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Nachtjäger Volume One

Nachtjäger Volume One Book Review

By Michael Benolkin

Date of Review May 2006 Title Nachtjäger Volume One
Author David P. Williams Publisher Classic Publications
Published 2005 ISBN 1-903223-53-9
Format 192 pages, softbound MSRP (USD) $29.95

Review

Classic Publications has released Volume One of their Nachtjäger (Night Fighter) two-part series. This first installment covers Luftwaffe night fighter units between 1939 and 1943. Many folks these days assume that night fighters were synonymous with radar-equipped interceptors that would stalk their prey electronically. Close, but those days would come much later.

Up through 1943, radar was a relatively new technology, especially in aircraft. In these early years, ground controllers with radar to vector the night fighters was still off in the future. Pilots still used their eyes to look for targets - silhouettes against stars or clouds, the blink of engine exhaust flames, the careless blink of a light, anything to draw the attention of the night fighter pilot to his prey. Finding your target locked up in a searchlight beam worked rather well too.

When radar did arrive on the scene, it would add another set of eyes to look for targets. While airborne radar could still not see as far as the eye, it could see targets nearby that were otherwise masked in darkness. These radar sets offered another improvement in night fighting - telling you range to target so you can fine tune your shot before telegraphing YOUR presence to the tail gunner in your prey!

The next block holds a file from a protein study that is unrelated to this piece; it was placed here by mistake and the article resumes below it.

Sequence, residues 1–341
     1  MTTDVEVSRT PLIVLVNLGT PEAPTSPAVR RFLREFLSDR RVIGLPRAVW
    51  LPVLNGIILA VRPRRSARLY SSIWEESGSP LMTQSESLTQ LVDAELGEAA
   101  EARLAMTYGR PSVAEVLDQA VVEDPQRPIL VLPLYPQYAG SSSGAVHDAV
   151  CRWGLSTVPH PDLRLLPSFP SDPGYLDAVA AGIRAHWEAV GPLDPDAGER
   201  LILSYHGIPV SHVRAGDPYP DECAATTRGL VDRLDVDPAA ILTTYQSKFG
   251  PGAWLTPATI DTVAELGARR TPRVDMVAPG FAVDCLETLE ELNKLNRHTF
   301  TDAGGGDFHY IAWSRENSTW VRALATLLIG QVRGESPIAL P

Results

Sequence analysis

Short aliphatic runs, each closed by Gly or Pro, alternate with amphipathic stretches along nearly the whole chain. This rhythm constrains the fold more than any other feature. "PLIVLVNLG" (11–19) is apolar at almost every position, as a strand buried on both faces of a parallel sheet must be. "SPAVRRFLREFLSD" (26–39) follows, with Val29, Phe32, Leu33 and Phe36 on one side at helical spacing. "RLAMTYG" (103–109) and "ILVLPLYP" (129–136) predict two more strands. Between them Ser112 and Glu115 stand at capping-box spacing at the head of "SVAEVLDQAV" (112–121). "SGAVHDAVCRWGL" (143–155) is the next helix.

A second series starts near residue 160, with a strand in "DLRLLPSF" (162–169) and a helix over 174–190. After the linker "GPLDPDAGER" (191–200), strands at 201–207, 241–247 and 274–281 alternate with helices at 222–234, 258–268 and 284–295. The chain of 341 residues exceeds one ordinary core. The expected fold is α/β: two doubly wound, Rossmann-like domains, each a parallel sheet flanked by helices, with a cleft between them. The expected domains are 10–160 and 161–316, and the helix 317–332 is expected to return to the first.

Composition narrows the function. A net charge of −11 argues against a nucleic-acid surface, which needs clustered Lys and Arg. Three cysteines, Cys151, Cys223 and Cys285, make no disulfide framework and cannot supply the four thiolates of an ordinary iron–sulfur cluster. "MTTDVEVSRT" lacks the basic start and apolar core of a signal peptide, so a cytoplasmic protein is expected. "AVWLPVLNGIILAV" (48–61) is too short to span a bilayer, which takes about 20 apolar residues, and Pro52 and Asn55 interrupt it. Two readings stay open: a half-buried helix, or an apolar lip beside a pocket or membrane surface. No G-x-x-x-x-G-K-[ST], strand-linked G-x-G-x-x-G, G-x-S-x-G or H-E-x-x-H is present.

Coverage of the title includes:

  • Development of the Nachtjagd
  • Himmelbett and Radar Systems
  • The Kammhuber Line
  • Intruder Operations
  • The Eastern Front

This title has a very nice array of black & white as well as some color (!) photos of the men and machines from the early days of Luftwaffe night fighter operations. In addition, the title has a nice array of color profiles of many of the aircraft discussed in depth .

Volume 2 continues into ground-controlled intercept, jet interceptors, and Wilde Sau. This is a good read on the infancy of coordinated night fighter operations and the tactics that were developed. Hopefully Classic will cover the same topic from the RAF's own evolution of night fighter operations. Definitely recommended!

You can check out Volume Two here.

My sincere thanks to Motorbooks International for this review sample!

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